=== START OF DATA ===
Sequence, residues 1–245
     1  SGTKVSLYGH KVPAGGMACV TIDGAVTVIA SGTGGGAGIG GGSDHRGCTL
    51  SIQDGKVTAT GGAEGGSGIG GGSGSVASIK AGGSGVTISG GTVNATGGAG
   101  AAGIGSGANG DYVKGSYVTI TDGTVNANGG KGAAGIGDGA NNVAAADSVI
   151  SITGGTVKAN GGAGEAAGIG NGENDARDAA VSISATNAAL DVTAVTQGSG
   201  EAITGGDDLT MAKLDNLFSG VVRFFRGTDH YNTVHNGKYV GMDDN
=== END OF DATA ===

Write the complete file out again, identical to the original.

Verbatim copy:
Sequence, residues 1–245
     1  SGTKVSLYGH KVPAGGMACV TIDGAVTVIA SGTGGGAGIG GGSDHRGCTL
    51  SIQDGKVTAT GGAEGGSGIG GGSGSVASIK AGGSGVTISG GTVNATGGAG
   101  AAGIGSGANG DYVKGSYVTI TDGTVNANGG KGAAGIGDGA NNVAAADSVI
   151  SITGGTVKAN GGAGEAAGIG NGENDARDAA VSISATNAAL DVTAVTQGSG
   201  EAITGGDDLT MAKLDNLFSG VVRFFRGTDH YNTVHNGKYV GMDDN